Michael Toebe joined to discuss his recent article exploring the potential for mediation to be part of sports conflicts such as the punch that caused a 100-year- old rivalry between Brigham Young University and the University of Utah to come to a screeching halt.
Toebe sees the dispute as an interesting case study to imagine mediation as part of the solution.
“It’s a very passionate rivalry” Toebe said.
The punch resulted in a decision to suspend all games between the two rival schools. This lead to the question: Is this the most optimal decision and response to that conflict? According to Toebe the answer is no.
“Just putting a game or relationship on hold doesn’t necessarily resolve issues,” Toebe said.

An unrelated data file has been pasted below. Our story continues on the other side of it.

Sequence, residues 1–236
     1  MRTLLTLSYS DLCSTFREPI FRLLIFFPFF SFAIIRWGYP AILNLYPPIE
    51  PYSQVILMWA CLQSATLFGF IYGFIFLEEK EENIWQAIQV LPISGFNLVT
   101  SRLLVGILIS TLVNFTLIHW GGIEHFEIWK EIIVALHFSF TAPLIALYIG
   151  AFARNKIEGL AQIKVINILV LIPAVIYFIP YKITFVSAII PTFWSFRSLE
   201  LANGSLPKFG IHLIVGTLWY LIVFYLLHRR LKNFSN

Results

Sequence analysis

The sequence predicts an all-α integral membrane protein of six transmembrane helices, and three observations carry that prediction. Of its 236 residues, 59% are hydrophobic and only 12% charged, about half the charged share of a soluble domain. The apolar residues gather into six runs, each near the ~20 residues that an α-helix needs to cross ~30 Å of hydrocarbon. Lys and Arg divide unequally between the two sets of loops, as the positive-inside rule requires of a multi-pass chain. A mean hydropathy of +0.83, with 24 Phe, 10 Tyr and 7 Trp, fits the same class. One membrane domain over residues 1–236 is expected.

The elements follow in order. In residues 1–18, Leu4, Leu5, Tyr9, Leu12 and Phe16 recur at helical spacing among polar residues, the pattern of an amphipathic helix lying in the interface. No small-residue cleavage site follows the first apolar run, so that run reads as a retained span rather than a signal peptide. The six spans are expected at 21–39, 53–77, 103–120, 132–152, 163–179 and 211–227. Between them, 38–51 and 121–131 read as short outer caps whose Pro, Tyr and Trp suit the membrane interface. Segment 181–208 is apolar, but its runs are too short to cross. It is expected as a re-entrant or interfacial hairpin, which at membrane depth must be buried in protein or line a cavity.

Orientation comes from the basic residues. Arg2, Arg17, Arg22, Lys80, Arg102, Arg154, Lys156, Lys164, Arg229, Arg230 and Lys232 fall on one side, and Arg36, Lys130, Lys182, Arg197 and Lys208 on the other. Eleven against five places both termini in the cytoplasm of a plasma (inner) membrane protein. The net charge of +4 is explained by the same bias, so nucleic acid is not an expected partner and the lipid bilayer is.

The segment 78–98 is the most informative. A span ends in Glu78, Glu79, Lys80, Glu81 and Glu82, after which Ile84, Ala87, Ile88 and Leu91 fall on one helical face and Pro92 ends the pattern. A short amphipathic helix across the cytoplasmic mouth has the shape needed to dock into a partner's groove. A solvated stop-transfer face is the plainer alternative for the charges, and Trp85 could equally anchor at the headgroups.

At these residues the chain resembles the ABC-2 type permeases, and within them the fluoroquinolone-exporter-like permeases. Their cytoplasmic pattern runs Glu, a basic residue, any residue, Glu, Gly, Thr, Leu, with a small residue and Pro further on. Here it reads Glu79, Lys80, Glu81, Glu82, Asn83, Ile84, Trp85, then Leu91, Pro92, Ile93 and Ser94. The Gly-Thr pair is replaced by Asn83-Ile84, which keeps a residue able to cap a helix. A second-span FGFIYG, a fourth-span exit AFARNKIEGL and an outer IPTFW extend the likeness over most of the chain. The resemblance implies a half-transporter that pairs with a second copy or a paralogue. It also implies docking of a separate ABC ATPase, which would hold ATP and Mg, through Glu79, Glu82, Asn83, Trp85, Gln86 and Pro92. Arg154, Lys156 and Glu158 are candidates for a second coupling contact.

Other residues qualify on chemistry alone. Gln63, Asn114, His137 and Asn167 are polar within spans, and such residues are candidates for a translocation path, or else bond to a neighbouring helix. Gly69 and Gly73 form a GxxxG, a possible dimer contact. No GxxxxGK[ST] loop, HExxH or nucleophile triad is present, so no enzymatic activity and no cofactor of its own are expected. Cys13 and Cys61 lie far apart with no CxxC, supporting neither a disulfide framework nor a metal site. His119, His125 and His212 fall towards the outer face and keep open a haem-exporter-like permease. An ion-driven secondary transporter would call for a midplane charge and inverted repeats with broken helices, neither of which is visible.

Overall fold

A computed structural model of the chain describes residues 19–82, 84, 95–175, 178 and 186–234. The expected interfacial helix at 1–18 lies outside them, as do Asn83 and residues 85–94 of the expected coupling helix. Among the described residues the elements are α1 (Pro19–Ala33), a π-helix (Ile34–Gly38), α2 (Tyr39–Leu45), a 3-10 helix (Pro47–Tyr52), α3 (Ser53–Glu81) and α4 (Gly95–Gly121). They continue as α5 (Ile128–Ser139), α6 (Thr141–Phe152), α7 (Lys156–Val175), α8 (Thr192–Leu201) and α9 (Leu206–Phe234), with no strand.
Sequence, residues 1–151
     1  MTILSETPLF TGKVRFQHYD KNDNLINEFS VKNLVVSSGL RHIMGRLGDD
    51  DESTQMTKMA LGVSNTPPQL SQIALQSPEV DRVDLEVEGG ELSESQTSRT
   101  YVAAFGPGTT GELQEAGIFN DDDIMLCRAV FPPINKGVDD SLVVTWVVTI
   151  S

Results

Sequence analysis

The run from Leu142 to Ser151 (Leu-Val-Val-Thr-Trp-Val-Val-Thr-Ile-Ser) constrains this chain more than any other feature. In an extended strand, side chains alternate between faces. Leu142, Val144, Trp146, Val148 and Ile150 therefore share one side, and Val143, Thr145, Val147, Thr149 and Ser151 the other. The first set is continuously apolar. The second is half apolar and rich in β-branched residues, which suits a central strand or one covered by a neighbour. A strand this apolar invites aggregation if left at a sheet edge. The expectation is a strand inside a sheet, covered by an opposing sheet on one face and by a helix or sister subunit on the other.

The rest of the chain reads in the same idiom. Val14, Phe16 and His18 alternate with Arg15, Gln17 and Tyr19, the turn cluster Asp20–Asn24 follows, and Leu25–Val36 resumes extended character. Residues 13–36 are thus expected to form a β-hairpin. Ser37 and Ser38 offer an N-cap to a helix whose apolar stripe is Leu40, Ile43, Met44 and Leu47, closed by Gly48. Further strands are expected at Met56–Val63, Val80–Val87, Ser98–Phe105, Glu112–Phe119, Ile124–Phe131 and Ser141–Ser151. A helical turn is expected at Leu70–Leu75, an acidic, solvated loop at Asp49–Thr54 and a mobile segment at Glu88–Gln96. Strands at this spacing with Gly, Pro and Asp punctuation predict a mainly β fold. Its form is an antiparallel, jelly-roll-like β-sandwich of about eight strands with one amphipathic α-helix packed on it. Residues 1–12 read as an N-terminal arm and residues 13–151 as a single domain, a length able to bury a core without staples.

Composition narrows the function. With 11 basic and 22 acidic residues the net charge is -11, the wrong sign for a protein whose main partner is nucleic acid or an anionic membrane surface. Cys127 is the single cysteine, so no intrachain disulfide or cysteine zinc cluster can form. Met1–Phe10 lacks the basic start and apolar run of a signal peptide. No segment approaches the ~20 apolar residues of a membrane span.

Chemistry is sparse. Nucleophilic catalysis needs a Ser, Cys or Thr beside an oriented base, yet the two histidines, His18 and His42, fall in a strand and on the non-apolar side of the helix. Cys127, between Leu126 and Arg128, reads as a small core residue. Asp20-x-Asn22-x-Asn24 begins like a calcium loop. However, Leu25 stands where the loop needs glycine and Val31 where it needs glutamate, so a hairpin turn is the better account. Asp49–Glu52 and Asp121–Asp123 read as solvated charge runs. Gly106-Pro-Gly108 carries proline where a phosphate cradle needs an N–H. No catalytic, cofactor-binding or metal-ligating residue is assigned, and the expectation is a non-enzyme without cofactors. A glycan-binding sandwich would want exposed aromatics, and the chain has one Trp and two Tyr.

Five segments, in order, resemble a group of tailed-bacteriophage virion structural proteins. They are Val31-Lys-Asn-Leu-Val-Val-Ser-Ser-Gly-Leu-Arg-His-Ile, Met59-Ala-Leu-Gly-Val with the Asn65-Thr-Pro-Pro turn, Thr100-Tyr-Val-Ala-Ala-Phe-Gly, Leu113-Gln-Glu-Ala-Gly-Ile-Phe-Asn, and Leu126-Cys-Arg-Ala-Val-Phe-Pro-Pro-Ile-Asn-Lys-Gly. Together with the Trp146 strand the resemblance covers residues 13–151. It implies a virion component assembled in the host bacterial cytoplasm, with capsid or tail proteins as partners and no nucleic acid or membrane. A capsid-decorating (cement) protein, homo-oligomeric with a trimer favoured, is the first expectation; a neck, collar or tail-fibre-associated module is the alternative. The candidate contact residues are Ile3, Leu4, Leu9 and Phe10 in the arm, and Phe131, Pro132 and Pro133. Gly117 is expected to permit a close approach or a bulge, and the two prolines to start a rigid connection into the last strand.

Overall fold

Despite mediation being an unfamiliar form of conflict resolution for some in athletic administration, it can be a very productive catalyst to resolving complex issues.
Joshua Gordon of the Sports Conflict Institute brings up the possibility that Athletic Directors, faced with many demands and pressure to act quickly, often trend toward more traditional crisis management approaches because they are familiar and seem like they get to a solution quickly.
In advocating for mediation as a means toward more durable solutions to complex problems.
Toebe adds, “It’s a voluntary process and you get to make the decisions and have more flexibility than you would normally have.”